Prepare yourselves: The foundation for a countywide transportation tax is being laid, most recently in a report from the Solano Transportation Authority on the state of the county’s roads.
The “2014 Solano County Pothole Report” notes that countywide spending on 3,465 lane miles of roads totals $18 million; twice that level of spending is needed in the next 15 years to maintain our roads in their current overall condition; and $47 million must be spent each year over the next decade and a half to significantly improve roads both in the cities and in rural Solano County.
Daryl Halls, executive director of the Solano Transportation Authority, in discussing the report, did not specifically mention a transportation tax or specific local funding sources to cover these projected costs, but said instead that such discussion could begin this fall.
Let’s start that discussion right here, right now.
Fairfield voters in 2012 approved Measure P, a five-year, 1 percent sales tax to stave off pending budget cuts and to help the city on the road to financial health. It’s projected to bring in no less than $13 million a year until it ends – assuming it ends. Similar, through smaller sale tax measures were approved that year in Vacaville and Rio Vista – the former a one-two punch as an existing tax, set to expire, was also modified and extended. Voters in Vallejo had previously approved a 1 percent sales tax increase.
Voters across the majority of the county approved Solano Community College’s $348 million Measure Q, and just this week in Vacaville, the school board gave the go-ahead to place a $194 million facilities bond on the November ballot.
Finally, voters statewide in 2012 approved Proposition 30’s four-year, 0.25 percent sales tax hike. Proposition 30 also increased taxes for high-wage earners, for seven years.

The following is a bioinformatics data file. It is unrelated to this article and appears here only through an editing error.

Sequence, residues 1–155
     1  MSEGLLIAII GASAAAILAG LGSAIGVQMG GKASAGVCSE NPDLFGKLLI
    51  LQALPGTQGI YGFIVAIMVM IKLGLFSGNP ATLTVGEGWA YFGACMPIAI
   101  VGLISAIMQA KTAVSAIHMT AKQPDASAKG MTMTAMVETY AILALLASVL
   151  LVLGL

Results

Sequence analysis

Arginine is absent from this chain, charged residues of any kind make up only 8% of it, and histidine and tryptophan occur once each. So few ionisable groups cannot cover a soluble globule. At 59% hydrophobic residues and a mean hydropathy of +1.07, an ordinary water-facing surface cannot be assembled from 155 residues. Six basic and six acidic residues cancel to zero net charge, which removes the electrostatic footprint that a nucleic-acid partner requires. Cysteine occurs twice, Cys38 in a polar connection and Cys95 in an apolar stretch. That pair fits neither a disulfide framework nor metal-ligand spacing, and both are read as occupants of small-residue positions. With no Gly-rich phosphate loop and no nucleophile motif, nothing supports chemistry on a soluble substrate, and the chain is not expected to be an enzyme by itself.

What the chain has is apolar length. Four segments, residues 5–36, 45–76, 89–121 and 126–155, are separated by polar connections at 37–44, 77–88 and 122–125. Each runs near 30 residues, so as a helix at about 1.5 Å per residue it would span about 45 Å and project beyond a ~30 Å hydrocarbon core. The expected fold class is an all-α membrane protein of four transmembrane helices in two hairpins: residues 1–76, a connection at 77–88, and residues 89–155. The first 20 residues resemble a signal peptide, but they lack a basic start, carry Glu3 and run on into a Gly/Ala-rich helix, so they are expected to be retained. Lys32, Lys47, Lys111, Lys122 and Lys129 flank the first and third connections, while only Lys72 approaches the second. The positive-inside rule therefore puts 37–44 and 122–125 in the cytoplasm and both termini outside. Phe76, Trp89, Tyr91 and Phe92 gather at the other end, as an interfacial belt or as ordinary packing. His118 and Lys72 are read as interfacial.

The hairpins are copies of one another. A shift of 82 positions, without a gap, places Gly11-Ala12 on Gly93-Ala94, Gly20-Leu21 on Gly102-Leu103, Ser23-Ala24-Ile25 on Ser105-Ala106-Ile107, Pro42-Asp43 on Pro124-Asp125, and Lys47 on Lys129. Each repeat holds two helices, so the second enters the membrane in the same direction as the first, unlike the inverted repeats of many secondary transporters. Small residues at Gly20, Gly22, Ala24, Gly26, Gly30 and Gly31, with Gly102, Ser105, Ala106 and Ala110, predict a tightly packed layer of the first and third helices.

Fairfield, to use a local example, is committing some Measure P cash to road work. George Hicks, the city’s public works director, pegged the total of Measure P street maintenance spending at $7 million over the five-year life of the tax.
Our City Council can choose to spend more on street maintenance, if there’s a desire to maintain or improve our roads in the short term. Council members have simply to express that desire, and staff will surely make it happen. City councils in Vacaville and Rio Vista could do the same with their voter-approved sales tax boons – again, if they choose to do so. Suisun City’s council could choose to commit some of the expected $1 million in sales tax revenue linked to the new Walmart – once it opens – to repair, maintain or improve local streets.
The Solano Transportation Authority’s sole purpose in being is to provide for the transportation needs of Solano County residents. That includes street maintenance. If this quasi-governmental agency can make the case that voters should increase their taxes in some way to offset road maintenance costs, they should be prepared to do so with vigor – and with a detailed description of how every existing transportation dollar is currently being spent so voters can determine the actual need for themselves.
Bottom line: This is not the time to add yet another local tax.